Windows 11 Home vs Windows 11 Pro: here are the major differences

Windows 11 Home vs Windows 11 Pro: here are the major differences

As you may know, every major version of Windows comes in a few different editions. The same will apply to Windows 11, and we already have an idea of the SKUs that will be available for it. For most people though, it’s going to come down to Home and Pro. These are the two editions you’ll be able to find in stores or pre-installed on computers. If you’re looking for a comparison of Windows 11 Home vs Windows 11 Pro, we’ve rounded up all the major differences here.

Before anything else, the major difference between Windows 11 Home and Pro is pricing. If Microsoft maintains the same pricing as with Windows 10, the Home edition will cost $139.99, while Pro will cost $199.99. It’s also important to know, for most people, Windows 11 Home will do pretty much anything you need it to do. As the name implies, the Pro edition is meant for professionals, usually people using their devices for work. There are some additional features on this front, but if you’re just buying a PC for personal use, Windows 11 Home is fine.

Summary of feature differences

If you want to see the major feature differences at a glance, here’s a quick rundown:

FeatureWindows 11 HomeWindows 11 Pro
Set up with a local accountNoYes
Join Active Directory/Azure ADNoYes
Hyper-VNoYes
Windows SandboxNoYes
Microsoft Remote DesktopClient onlyYes
Windows HelloYesYes
Device encryptionYesYes
Firewall and network protectionYesYes
Internet protectionYesYes
Parental controls/protectionYesYes
Secure BootYesYes
Windows Defender AntivirusYesYes
BitLocker device encryptionNoYes
Windows Information ProtectionNoYes
Mobile device management (MDM)NoYes
Group PolicyNoYes
Enterprise State Roaming with AzureNoYes
Assigned AccessNoYes
Dynamic ProvisioningNoYes
Windows Update for BusinessNoYes
Kiosk modeNoYes
Maximum RAM128GB2TB
Maximum no. of CPUs12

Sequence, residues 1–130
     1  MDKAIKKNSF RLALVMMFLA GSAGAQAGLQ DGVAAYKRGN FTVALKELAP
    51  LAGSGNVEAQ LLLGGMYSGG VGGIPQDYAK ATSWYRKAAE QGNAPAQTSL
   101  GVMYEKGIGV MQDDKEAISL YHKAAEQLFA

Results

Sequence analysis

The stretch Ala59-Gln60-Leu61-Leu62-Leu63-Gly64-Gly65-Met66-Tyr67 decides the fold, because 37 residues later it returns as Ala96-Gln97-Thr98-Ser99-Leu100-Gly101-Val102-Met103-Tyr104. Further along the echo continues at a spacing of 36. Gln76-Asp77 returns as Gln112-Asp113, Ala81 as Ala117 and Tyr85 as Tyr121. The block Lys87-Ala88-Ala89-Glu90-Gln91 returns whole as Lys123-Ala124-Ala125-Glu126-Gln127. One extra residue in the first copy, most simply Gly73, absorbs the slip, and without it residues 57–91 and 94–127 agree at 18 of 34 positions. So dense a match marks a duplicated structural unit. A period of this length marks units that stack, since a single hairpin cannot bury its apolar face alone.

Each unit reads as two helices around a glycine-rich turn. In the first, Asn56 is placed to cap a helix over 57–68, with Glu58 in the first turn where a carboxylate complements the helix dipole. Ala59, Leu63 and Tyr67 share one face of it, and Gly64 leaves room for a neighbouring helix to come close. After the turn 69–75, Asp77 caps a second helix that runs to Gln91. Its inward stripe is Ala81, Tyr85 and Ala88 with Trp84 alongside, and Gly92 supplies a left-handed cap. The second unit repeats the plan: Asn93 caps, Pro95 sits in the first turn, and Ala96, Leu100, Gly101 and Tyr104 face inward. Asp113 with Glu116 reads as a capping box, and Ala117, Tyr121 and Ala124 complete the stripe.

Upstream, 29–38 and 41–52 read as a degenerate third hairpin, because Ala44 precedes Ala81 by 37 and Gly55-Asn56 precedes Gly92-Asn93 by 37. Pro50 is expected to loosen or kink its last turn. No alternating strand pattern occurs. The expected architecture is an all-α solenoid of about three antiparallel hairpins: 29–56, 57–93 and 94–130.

Maximum no. of CPU cores64128

Windows 11 Home vs Pro: Setting up

The first big difference you’ll see between Windows 11 Home and Pro is when you’re setting it up for the first time. Windows 11 Home has a restriction that might be annoying for some — you need to set it up with an internet connection and a Microsoft account. At least, that’s the official way to do it, although you can trick Windows 11 Home into letting you set it up without a Microsoft account. You can also remove your Microsoft account from Windows 11 Home after the PC is set up, but Windows 11 Pro lets you simply set up your PC with a local account.

Windows 11 OOBE local account maker

Another difference that will be noticeable for business users is that Windows 11 Home PCs can’t be joined to Active Directory. Active Directory solutions are necessary for managing business devices, such as configuring access to certain resources, deploying apps, and so on. That also includes Windows 11 features like Group Policy. Those are all professional tools, so they don’t make sense for most Windows 11 Home users.

Windows 11 Home vs Pro: Virtualization and remote desktop

The next major difference between Home and Pro editions of Windows 11 is support for virtualization features in Windows. Windows 11 Home doesn’t support Hyper-V or Windows Sandbox. Plus, while it can be used as a Remote Desktop client, it can’t be a host, so you can’t access a Windows 11 Home PC remotely using Microsoft Remote Desktop. However, you can use third-party tools like TeamViewer for similar purposes.

Meanwhile, Windows 11 Pro supports all of these features. Hyper-V is a virtualization tool built into Windows, which means you can create virtual machines with it. If you want to try a different operating system, or use an older version of Windows for some reason, you can do it using Hyper-V. Virtual machines don’t make changes to your host PC, so you can do it all risk-free. Again, there are third-party apps such as VMware Workstation Player that let you do this on Home editions.

Hyper-V Manager